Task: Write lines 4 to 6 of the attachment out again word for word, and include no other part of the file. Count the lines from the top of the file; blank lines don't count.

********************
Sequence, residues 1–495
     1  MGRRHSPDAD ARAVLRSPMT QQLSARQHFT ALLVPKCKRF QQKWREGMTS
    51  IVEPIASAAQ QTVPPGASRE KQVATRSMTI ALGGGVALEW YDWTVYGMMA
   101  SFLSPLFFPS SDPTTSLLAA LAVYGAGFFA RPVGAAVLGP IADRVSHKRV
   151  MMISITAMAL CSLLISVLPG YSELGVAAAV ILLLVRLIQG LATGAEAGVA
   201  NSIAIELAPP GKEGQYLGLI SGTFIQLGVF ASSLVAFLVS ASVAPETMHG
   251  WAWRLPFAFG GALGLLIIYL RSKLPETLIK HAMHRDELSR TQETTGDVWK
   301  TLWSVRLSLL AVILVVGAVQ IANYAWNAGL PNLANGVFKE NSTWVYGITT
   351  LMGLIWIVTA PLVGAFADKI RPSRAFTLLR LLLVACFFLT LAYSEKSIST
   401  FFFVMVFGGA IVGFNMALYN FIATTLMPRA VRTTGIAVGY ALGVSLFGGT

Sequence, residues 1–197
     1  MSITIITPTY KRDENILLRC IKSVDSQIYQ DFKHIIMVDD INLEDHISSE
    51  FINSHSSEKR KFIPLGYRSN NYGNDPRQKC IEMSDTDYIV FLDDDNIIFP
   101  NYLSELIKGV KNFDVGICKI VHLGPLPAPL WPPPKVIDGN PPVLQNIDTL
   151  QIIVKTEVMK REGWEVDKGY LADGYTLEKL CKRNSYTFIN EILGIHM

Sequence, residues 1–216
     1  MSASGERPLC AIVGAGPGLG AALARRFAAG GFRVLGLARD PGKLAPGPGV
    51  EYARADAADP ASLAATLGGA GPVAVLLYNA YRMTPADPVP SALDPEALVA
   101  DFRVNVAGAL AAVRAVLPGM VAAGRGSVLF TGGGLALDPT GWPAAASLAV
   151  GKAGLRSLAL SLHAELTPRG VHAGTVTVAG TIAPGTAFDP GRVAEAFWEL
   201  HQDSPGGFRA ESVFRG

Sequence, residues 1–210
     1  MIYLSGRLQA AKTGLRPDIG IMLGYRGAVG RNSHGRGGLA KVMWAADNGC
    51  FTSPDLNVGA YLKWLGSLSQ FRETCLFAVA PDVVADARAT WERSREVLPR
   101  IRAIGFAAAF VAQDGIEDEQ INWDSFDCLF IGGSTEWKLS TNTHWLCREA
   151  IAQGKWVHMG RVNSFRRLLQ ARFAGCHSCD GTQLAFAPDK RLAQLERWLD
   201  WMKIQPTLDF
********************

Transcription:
   101  SFLSPLFFPS SDPTTSLLAA LAVYGAGFFA RPVGAAVLGP IADRVSHKRV
   151  MMISITAMAL CSLLISVLPG YSELGVAAAV ILLLVRLIQG LATGAEAGVA
   201  NSIAIELAPP GKEGQYLGLI SGTFIQLGVF ASSLVAFLVS ASVAPETMHG